Don’t get us wrong: ghosting is unacceptable, and we don’t mean to excuse it. No one would want to hire a candidate who’s ghosted an employer in the past, and we’d stop working with anyone if we found out they’ve done it before. It’s, in short, the height of unprofessionalism. Any company who gets ghosted on has really dodged a bullet: who would want to work with someone who would resort to such a childish and cowardly tactic?
But ghosting’s prevalence still speaks to a talent attraction and retention problem that many companies are having in this marketplace. Consider this: if your company interviews someone, and never gives any form of feedback or follow-up – which still happens, believe it or not – you’re ghosting candidates as well.
It cuts both ways. And that gestures towards a few changes that companies can make to help minimize the risk of ghosting – which can waste thousands of dollars of company resources:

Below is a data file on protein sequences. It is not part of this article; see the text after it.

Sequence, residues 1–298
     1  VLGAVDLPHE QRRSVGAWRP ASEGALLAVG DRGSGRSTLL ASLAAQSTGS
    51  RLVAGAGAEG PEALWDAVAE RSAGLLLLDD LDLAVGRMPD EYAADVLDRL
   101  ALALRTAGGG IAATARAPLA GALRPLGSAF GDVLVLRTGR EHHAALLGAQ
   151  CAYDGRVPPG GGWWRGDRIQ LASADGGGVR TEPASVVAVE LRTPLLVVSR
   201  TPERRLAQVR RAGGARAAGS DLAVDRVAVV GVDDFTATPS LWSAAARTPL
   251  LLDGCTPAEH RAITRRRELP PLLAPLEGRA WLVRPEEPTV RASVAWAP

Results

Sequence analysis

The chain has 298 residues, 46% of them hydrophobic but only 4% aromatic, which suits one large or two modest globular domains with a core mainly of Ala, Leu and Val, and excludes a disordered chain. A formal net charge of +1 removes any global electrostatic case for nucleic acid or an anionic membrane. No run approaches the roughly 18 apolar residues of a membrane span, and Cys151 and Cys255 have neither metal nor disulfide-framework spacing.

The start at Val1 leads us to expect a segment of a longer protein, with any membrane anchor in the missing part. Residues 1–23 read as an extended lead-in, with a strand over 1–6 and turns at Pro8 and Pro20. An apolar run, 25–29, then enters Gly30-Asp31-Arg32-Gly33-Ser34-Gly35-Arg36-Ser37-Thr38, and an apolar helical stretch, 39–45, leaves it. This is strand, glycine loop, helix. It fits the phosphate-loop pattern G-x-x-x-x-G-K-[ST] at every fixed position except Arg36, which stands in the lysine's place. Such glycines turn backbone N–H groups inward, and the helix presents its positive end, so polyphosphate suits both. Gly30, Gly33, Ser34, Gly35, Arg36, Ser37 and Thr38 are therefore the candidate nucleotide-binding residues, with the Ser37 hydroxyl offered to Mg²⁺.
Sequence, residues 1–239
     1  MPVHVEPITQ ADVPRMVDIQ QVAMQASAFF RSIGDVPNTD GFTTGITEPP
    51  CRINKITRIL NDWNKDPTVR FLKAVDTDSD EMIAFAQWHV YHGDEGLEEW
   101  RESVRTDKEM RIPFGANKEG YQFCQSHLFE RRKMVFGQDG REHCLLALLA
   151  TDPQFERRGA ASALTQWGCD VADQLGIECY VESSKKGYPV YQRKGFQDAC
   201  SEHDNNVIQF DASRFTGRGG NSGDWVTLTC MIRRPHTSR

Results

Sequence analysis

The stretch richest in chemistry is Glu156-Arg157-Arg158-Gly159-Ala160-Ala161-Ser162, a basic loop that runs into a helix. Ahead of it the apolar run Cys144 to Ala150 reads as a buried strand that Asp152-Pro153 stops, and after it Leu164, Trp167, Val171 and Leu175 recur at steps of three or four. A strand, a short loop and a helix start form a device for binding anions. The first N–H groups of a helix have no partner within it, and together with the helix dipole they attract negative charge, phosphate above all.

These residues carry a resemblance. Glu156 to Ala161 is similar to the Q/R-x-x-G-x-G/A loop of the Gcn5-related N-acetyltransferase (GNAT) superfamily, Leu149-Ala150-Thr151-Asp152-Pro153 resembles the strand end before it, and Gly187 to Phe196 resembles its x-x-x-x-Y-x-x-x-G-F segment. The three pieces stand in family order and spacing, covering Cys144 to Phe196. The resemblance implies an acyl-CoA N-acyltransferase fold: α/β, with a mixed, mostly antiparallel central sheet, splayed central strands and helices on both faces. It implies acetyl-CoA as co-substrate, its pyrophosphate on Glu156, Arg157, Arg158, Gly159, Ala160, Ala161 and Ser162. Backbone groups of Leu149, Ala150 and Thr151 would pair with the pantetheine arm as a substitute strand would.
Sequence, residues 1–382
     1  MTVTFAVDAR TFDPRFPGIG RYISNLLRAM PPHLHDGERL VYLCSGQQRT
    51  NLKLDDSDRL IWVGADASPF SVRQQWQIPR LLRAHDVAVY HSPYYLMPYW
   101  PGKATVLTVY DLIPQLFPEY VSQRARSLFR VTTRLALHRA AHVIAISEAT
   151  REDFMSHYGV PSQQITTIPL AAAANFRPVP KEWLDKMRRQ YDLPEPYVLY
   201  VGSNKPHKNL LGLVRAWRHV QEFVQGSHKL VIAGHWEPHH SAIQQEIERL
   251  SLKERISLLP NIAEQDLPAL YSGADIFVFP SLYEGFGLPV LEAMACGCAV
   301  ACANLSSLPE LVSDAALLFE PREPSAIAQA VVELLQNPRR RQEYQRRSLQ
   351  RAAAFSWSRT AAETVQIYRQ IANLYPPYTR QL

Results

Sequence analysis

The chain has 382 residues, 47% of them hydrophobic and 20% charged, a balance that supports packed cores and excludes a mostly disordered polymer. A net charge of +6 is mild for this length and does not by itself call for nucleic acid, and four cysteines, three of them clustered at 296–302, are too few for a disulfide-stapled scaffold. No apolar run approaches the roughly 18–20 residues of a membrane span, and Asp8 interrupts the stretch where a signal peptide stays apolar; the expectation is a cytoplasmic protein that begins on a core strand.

Smooth out the onboarding process.
In short, treat prospective candidates like a valuable strategic asset instead of a disposable endless resource. The accounts of ghosting from the workers in the NPR story, as well as others, share something in common: the workers felt disrespected or disregarded by their employers.The accounts of ghosting from the workers in the NPR story, as well as others, share something in common: the workers felt disrespected or disregarded by their employers. Click To Tweet
Treating candidates with respect is table stakes in this hiring environment. But consider the ways that you’re unintentionally depersonalizing the hiring and onboarding process: letting it get drawn out with endless approvals and interviews, resorting to impersonal communication methods, failing to have succinct and effecting onboarding policies to get new candidates up to speed.
Lastly, because we can’t resist: a specialized recruitment partner will forward pre-vetted candidates, often ones that they’ve known for years, who you know won’t ghost. Recruiters who are specialized in your vertical have an established base of candidates, so you can remove ghosting from the equation entirely.
But what’s your experience? Have you been ghosted by an employee or job candidate before? Why do you think this issue is coming into the zeitgeist right now?